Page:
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Animal Abuse Registry Doesn't Go Far Enough


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An animal abuse registry is a great idea, but do these registries go  far enough? I don’t believe so. What I believe we need most to protect animals from bad guys – both bad guys selling and bad guys purchasing animals is to somehow control online sales.

Online sales of animals is like the Wild West, and that includes illegally selling wild animals.

Puppy mill animals are sold all the time, and for the average buyer to discern where that animal is really coming from is challenging. Anyone can build an impressive website, and answer questions the way in which people expect. But are those folks truly legitimate and responsible, or nefarious breeders, or even puppy mills? Hard to say – unless your personally visit a facility.

Shelter animals are increasingly adopted online. Who’s buying from you? The ability to check the legitimacy is limited, as online people “make stuff up.” Yet, no question, shelter and rescue adoption have increased, in part, because of the Internet.

Cook County Sheriff Tom Dart has enjoyed at least mixed success at going after prostitution and other crimes perpetuated by places like Craig’s list. And to his credit, mixed success is better than most.

It’s Dart’s office that will enforce the recently passed bill in Cook County to create registries for animal abusers.

An animal abuse registry works like similar registries for sex offenders and repeat DIU offenders. Depending on how a specific law is written, a person convicted of animal cruelty/animal abuse can not own a pet for a specified period of time.

Tennessee is the first and only state, so far, to have a state-wide registry. It’s too early to know whether the registry has worked to reduce the number of animal crimes.

The campaign for a similar registry in New York City was sparked by a horrific incident in Queens back in 2011. Bodybuilder Milan Rysa tossed his 50-pound dog out of a window to its death.

Former New York City Councilman Peter Vallone Jr. started the push for the registry back in 2012. The bill creating the registry passed the City Council at the end of 2013 but was vetoed by then-Mayor Michael Bloomberg. Vallone’s brother Paul, who joined the Council in 2014, led the charge to successfully override the veto.

New York public officials maintain the registry has been a success – but that’s hard to judge since numbers on animal abuse are so “squishy” because most abuse is not reported. What’s even harder to judge is the number of instances abusers of animals didn’t follow suit and commit a violent crime to a person. That Link of animal abuse to domestic abuse, and violent crimes is fact.

It is known that the violent crime rate in New York City declined some since the ordinance went into effect there – however there’s no real way to determine if the ordinance creating a registry of animal abusers played any role in that decline (New York City’s crime rate had been previously on a decline).

Laws vary. In New York City, abusers remain on the registry for five years. If they have been incarcerated, the five year period starts after release. In Cook County, the ordinance (which goes into affect January 1)  is tougher, making it a crime for convicted animal abusers to buy or adopt another animal for 15 years after their conviction — or ever, if they are convicted of more than one offense. The Cook County Animal Abuser Registry will cover all Cook County municipalities, forcing convicted abusers to register on a database hosted on the Cook County Sheriff’s website. Failure to register will result in a fine up to $2,000.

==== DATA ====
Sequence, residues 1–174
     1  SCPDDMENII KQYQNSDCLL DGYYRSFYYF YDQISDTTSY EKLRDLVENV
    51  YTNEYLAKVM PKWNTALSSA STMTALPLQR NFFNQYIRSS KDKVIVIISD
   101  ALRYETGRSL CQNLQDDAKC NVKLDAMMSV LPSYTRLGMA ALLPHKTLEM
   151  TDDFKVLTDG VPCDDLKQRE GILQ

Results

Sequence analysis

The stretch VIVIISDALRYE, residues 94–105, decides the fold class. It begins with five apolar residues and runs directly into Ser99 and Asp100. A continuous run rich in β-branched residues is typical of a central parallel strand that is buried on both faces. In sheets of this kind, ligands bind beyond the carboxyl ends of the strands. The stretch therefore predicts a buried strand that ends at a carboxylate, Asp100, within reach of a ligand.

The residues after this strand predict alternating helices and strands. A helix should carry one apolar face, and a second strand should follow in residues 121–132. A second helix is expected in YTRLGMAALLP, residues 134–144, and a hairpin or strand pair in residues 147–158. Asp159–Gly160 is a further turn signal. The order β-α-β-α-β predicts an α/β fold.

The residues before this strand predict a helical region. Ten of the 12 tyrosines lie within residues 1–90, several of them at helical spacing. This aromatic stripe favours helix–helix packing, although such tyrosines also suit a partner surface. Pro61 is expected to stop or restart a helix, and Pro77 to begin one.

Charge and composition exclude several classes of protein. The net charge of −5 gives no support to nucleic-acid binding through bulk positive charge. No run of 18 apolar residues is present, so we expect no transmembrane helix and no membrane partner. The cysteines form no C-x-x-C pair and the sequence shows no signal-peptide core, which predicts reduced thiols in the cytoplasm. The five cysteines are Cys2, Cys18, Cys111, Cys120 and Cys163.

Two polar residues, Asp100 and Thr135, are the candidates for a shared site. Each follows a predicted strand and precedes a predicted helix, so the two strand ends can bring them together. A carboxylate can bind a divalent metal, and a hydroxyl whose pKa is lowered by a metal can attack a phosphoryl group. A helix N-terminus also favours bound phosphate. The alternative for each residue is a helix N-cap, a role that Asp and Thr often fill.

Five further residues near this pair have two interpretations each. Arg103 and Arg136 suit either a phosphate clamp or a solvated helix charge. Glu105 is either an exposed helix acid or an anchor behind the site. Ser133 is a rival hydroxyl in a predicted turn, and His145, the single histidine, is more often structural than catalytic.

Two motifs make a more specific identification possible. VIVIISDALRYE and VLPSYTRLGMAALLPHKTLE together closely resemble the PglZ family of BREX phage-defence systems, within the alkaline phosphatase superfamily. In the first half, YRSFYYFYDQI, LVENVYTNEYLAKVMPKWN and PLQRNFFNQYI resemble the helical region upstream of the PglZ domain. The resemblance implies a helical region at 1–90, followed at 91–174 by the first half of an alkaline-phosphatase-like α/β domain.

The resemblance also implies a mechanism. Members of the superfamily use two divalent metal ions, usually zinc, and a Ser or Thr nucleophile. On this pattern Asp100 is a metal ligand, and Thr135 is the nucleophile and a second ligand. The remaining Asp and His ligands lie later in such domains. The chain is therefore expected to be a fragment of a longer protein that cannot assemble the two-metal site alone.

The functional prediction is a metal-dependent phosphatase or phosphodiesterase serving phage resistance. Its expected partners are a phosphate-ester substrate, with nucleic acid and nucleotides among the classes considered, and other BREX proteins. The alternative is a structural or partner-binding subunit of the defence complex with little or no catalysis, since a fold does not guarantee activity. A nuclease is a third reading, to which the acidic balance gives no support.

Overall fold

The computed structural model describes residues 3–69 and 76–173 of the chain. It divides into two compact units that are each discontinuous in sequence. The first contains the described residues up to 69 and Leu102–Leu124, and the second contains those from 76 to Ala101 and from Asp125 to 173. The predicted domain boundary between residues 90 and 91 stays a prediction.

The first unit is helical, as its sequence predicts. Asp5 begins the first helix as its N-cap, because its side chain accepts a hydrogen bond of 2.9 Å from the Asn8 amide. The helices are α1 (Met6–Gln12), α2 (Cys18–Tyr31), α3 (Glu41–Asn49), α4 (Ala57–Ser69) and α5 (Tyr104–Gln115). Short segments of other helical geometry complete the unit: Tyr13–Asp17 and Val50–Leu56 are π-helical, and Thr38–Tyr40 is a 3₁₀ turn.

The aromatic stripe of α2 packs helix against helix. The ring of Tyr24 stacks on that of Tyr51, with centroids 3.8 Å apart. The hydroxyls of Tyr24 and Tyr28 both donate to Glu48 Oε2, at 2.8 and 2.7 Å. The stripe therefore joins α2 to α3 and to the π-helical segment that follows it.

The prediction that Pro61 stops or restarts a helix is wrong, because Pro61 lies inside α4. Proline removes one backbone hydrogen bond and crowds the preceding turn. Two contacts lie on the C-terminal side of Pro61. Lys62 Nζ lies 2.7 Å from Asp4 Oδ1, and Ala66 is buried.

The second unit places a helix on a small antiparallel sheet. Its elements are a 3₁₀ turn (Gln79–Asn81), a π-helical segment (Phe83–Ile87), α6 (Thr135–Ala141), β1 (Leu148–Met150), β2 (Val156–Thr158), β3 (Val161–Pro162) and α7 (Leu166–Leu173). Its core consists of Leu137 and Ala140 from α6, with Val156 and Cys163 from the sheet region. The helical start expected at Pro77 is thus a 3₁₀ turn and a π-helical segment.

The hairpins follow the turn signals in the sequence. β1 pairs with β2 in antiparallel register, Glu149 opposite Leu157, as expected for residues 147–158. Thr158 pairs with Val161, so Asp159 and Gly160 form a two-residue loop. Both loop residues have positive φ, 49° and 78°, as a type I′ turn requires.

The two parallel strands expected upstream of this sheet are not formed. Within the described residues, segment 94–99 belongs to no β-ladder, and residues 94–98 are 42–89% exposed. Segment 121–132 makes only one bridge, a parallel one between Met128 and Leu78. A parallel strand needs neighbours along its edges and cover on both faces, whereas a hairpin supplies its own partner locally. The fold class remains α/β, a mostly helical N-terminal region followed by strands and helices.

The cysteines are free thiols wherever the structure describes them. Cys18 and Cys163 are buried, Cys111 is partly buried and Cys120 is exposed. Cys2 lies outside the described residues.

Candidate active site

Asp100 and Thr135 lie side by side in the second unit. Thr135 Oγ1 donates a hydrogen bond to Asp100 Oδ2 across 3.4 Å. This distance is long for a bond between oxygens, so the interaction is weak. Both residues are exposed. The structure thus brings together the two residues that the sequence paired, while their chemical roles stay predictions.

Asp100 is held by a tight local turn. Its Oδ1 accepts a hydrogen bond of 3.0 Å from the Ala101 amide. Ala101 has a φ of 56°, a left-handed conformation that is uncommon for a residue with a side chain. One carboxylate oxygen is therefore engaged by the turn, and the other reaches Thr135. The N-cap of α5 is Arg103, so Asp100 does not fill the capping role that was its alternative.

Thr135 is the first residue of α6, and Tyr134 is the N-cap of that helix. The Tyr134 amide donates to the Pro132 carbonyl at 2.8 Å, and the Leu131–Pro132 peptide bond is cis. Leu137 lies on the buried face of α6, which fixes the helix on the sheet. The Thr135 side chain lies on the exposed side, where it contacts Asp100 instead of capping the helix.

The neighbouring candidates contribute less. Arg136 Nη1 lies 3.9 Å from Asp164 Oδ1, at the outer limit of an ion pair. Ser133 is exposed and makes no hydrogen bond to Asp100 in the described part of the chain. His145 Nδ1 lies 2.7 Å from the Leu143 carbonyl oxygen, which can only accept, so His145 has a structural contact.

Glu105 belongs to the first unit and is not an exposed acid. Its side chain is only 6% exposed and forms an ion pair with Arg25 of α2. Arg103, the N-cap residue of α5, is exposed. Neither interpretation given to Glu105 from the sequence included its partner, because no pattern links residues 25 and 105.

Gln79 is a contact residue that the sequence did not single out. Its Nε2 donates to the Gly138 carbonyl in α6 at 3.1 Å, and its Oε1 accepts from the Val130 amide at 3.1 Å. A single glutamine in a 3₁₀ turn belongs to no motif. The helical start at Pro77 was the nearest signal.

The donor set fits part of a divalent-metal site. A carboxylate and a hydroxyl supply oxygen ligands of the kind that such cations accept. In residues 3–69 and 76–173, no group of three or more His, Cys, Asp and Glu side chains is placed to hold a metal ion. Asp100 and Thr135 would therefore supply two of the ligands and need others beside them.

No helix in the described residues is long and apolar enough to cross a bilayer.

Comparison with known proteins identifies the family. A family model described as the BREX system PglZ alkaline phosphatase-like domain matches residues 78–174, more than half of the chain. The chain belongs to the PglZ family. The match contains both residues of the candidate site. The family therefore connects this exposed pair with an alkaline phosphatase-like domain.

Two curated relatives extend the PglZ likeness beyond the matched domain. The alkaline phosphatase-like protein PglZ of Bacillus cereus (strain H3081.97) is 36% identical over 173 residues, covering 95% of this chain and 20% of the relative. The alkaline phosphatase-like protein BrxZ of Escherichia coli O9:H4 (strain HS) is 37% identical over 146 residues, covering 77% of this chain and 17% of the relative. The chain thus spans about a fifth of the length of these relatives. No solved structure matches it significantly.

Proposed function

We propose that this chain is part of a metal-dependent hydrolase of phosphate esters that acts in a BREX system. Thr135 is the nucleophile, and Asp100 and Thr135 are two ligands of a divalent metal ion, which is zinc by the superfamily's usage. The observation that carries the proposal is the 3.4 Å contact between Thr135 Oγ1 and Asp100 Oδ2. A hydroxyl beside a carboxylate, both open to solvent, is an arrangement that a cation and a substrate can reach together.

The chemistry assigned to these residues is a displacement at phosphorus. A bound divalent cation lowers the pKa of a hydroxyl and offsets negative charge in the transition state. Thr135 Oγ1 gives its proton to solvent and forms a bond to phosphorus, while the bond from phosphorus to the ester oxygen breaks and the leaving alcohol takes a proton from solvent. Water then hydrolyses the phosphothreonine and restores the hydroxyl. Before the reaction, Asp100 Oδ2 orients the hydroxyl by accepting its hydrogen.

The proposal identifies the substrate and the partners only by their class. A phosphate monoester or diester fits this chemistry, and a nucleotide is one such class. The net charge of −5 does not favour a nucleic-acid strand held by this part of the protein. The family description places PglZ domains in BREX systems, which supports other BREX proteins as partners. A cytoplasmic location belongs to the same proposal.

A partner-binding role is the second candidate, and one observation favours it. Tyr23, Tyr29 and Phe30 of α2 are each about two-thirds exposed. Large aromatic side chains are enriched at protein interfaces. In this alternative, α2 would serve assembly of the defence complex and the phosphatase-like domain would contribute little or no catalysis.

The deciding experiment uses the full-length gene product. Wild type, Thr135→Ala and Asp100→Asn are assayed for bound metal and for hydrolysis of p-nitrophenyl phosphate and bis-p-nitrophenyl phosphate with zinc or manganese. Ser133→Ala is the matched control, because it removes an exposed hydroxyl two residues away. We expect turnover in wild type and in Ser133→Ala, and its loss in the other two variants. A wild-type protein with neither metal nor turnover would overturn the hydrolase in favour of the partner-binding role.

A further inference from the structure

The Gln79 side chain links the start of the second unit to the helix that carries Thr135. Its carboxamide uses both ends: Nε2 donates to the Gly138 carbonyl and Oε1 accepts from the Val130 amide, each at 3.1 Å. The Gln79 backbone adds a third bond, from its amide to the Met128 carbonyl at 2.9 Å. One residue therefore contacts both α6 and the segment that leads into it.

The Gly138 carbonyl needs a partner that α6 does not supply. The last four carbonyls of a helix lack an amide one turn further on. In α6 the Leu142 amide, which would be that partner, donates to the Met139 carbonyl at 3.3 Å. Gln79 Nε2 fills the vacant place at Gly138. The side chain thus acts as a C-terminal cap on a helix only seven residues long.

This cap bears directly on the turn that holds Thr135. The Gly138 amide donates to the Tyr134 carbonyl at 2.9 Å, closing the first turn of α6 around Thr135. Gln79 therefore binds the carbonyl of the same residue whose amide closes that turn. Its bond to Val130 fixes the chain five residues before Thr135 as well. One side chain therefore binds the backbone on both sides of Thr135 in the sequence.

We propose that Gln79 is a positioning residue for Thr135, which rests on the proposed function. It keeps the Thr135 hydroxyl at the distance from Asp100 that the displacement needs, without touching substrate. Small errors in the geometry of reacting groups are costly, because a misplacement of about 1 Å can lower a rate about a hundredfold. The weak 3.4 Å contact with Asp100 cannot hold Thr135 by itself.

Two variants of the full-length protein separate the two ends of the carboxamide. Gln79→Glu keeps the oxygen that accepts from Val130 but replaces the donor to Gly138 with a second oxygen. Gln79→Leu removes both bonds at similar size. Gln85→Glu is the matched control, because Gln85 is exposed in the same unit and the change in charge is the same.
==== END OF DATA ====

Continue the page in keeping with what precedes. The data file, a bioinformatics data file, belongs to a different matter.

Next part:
Surprisingly  Wayne Pacelle, Humane Society of the United States (HSUS) President, argued in a 2010 blog post that the resources put into such registries — which have been proposed in various forms for years — might better be used toward mental health care and enforcement of animal cruelty laws. However, one thing has nothing to do with the other. Animal registries, in fact, only support the notion that enforcing animal cruelty laws is a good idea. As for dollars and other resources for mental health, sure, but the reality funding for mental health (according various experts) isn’t anywhere near what it should be. No matter, how do dollars spent on mental health (which aren’t changing anytime soon) related to the minimal resources required to create registries of those who have already abused animals?

The hope and realistic expectation is that these registries will prevent convicted abusers from hurting additional animals, and potentially even reduce the odds of these violent abusers even hurting people.  The registries actually provide additional muscle to law enforcement authorities should a convicted abuser not register, or ignore the law about owning additional animals post conviction of animal abuse.

In his blog, Mr. Pacelle continues, “When someone is convicted and punished for cruelty, moreover, does shunning or shaming them forever do any good for any animals?” Why not – if the shunning or shaming prevents additional abuse, yes – that is good for the animals.

I favor that state by state, each follows the actions of Tennessee – creating a registry of animal abusers.

Having said that, I do agree that animal abuse registries will not prevent one easy way around the law, which is Internet sales. And as I suggested, I am equally or even more concerned about the sales of animals from sources such as puppy mills.

I am not Internet savvy enough to fully understand what to do involving the myriad of online crimes, which animals are only a part of. However, something needs to be done.

In the end – I do believe the less violent we are toward animals, the less violent we be to one another.

 

 

 

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